Abstract and Keywords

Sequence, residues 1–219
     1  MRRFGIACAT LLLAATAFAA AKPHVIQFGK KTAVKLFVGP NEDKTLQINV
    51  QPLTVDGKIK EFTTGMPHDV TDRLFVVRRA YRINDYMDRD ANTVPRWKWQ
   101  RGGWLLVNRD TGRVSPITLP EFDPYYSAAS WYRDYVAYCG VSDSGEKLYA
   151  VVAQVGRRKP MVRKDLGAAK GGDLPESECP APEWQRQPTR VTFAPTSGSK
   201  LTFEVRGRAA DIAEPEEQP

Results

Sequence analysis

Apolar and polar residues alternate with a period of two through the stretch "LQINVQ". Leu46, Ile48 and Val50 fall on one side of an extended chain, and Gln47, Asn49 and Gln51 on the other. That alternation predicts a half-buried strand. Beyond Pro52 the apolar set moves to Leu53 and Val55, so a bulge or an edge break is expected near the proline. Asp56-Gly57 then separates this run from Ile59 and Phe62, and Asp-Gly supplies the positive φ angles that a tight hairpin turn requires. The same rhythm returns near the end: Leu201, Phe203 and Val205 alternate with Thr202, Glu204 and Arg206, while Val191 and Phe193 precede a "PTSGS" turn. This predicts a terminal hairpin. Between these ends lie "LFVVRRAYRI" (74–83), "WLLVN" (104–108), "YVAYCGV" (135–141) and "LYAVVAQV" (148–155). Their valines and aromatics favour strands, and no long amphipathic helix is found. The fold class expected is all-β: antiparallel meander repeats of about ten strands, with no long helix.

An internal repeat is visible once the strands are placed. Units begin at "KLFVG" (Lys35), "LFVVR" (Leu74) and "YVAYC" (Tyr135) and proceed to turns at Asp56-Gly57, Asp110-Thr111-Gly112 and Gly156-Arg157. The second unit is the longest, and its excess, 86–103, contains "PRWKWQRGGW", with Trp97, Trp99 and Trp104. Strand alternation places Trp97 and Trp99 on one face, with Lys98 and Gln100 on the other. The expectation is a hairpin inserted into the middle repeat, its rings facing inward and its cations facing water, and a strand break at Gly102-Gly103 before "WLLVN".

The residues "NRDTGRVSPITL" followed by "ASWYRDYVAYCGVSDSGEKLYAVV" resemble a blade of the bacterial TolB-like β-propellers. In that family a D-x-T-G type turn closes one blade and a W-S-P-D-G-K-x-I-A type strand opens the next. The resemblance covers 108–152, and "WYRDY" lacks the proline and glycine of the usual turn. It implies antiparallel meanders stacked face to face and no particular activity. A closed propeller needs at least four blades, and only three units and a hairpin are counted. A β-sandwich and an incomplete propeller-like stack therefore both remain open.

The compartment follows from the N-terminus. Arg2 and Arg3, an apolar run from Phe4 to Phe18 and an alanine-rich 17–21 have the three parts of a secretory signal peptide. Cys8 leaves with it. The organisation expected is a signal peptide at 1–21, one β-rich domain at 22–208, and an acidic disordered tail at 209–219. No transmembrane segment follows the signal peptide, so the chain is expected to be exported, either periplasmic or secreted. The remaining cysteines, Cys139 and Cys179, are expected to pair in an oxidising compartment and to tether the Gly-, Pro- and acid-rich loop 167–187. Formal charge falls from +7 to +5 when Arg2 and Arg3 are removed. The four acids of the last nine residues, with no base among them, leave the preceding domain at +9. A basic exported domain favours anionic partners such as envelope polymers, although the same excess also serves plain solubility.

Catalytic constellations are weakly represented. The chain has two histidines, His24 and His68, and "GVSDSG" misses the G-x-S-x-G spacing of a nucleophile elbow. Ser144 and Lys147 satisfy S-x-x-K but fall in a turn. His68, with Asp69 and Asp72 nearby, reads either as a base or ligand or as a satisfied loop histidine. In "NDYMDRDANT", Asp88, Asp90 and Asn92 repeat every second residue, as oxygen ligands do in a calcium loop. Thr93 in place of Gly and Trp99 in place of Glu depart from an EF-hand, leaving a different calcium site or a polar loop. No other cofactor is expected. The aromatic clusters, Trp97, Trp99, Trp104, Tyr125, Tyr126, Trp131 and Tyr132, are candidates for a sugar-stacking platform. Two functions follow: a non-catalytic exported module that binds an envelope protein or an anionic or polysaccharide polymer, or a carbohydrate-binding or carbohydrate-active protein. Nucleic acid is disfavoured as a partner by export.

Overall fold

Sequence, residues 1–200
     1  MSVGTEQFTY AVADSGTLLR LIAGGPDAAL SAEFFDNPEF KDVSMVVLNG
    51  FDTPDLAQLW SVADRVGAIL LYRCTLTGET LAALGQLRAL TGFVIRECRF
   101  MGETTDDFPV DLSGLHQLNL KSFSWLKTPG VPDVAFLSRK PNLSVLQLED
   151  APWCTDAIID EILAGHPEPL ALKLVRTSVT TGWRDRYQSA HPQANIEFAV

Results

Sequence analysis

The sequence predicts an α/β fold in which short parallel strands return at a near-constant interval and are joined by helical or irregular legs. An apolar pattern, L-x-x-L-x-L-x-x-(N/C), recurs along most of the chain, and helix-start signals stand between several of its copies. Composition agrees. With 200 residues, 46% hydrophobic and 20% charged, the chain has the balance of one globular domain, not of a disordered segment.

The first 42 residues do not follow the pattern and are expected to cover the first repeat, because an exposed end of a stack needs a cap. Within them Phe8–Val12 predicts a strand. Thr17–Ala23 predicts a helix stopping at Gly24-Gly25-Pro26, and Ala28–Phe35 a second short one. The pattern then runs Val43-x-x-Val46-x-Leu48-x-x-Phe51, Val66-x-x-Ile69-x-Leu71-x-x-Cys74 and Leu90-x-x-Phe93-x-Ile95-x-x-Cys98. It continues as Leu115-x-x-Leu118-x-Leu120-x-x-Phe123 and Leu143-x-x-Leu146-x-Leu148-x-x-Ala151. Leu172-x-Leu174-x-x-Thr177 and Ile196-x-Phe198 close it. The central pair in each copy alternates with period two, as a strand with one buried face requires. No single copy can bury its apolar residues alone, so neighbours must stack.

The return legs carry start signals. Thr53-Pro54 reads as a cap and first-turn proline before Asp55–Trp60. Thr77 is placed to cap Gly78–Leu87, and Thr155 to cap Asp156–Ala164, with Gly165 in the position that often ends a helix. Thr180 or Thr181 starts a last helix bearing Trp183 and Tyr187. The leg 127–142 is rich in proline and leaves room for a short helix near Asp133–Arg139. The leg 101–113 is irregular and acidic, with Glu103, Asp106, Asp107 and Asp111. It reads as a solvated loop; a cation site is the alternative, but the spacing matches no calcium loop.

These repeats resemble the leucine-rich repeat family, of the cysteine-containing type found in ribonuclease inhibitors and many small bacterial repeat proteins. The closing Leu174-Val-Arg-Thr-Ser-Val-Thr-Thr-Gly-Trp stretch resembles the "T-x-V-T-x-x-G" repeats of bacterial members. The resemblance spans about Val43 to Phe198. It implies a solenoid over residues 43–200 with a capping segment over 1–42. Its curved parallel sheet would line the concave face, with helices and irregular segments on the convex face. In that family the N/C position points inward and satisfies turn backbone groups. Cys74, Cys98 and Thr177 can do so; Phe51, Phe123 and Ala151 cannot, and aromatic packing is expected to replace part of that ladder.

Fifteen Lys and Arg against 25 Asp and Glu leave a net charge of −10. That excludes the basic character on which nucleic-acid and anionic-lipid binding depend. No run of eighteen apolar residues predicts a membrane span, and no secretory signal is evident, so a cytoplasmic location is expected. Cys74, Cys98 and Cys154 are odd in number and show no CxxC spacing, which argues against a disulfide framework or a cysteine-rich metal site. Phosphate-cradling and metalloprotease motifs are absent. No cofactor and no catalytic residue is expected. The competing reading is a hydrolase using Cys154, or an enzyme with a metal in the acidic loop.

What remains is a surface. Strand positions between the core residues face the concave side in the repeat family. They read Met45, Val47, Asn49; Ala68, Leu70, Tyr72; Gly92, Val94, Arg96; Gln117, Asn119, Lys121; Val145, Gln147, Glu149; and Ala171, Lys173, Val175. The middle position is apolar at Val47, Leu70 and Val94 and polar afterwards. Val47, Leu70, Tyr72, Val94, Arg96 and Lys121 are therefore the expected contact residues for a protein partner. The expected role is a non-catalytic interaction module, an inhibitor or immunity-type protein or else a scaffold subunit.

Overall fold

Voice refers to the pattern of the form-function correlation along the parameters pertaining to the evolutionary properties of an action. Hence, there are marked voice categories pertaining to the origin of an action, for example, the nature of the agent (spontaneous, passive, causative); those pertaining to the nature of the development of an action, for example, the affectedness of the patient (middle, antipassive); as well as those pertaining to the termination of an action, for example, the affectedness of other entities than the patient (applicatives, external possession). In addition to these conceptual dimensions, voice phenomena are also controlled by the pragmatic factor of discourse relevance (such as inherent and contextual discourse topicality) of the event participants. The notion of transitivity in grammar and discourse is integral to the study of voice. This article examines case and voice, focusing on case in derived constructions. It discusses spontaneous voice, passive and antipassive, antipassive in accusative languages, passive in ergative languages, case hierarchy and verbal voice morphology, and applicative voice.
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